The invention relates to an ultrasound transducer positioning system including a curvilinear articulating arm, an ultrasound transducer, and a holder comprising a first region for receiving the transducer and a second region for a fluid interface disposed adjacent the first region, the holder being coupled to the curvilinear articulating arm. The second region is adjustable in size.
The first region may be defined by a generally circular clamp which may be a split ring. A lead screw may be coupled to the clamp. The second region may be defined between the clamp and an opposing members and the lead screw may extend to the opposing member. The opposing member may be a ring. The transducer may be retained by at least one member coupled to the clamp and abutting a portion of the transducer. In some embodiments, the at least one member may abut a portion of a face of the transducer. The fluid interface may be a flexible member. The system may further include at least one rail with indexing thereon, the rail extending between a bracket coupled to the curvilinear articulating arm and a clamp defining the first region.
The present invention is designed to provide a portable, self contained, adjustable fluid interface and HIFU transducer holder that will perform the required functions for accurate and effective treatment and keep the treatment field and transducer dry. This design obviates the need for a specialized table to support the transducer and fluid interface and to move the transducer and patient in a controlled relationship.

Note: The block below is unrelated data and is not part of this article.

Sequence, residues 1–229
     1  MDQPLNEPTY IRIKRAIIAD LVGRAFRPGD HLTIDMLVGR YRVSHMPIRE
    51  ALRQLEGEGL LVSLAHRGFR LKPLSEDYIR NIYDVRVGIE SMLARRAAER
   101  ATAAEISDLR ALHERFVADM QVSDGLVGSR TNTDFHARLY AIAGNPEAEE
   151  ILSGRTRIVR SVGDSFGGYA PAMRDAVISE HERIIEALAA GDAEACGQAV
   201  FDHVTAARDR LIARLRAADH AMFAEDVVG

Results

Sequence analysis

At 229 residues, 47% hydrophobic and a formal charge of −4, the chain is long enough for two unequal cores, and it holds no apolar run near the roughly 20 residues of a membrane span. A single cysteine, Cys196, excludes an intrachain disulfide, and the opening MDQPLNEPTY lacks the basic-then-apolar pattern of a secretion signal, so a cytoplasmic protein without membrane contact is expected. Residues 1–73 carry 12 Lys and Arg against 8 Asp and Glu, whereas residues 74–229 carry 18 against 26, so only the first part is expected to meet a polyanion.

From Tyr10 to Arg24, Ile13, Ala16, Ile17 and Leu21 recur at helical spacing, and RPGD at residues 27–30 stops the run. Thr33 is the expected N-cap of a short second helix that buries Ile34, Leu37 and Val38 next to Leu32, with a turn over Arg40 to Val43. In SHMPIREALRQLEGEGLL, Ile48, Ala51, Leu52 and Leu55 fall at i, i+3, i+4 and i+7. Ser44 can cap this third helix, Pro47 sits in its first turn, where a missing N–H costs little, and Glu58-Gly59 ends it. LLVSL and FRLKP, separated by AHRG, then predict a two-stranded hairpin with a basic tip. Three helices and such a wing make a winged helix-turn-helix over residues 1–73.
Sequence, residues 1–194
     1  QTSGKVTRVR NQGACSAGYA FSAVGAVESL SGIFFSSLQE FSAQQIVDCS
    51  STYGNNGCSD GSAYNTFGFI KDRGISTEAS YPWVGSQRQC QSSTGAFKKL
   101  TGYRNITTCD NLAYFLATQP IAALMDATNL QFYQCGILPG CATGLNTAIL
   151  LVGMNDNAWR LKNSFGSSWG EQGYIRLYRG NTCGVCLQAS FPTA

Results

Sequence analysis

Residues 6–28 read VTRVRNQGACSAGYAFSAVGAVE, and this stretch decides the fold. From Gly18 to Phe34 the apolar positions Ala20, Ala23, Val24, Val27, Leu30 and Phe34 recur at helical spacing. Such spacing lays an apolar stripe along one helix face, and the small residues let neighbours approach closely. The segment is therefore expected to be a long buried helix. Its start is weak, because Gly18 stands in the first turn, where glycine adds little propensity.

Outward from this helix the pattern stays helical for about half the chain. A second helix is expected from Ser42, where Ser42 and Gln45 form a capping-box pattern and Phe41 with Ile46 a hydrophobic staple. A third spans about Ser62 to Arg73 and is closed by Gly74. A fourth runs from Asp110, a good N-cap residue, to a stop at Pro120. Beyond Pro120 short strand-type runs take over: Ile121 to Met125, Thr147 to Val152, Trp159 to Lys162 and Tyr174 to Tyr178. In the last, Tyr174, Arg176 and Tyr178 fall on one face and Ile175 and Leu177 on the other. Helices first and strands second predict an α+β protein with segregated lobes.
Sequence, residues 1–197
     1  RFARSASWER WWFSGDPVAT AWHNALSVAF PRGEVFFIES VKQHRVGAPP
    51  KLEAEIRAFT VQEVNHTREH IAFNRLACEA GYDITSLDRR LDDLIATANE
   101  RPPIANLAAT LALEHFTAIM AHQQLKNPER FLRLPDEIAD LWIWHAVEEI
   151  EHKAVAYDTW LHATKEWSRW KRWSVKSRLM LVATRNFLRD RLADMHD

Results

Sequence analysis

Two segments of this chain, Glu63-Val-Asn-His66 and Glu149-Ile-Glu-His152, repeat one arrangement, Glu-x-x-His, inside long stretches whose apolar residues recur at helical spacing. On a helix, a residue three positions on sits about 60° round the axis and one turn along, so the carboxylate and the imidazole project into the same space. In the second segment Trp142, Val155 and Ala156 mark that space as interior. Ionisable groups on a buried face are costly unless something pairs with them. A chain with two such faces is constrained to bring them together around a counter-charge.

Among the advantageous features of the present invention are: it is readily attachable to a supporting positioning arm that has six degrees of freedom for initial positioning of the device; it has a receptacle for securely grasping the transducer; it has a generally cylindrical cage for supporting and aiding in the shaping and positioning of a disposable balloon that may be filled with a fluid interface medium such as degassed water.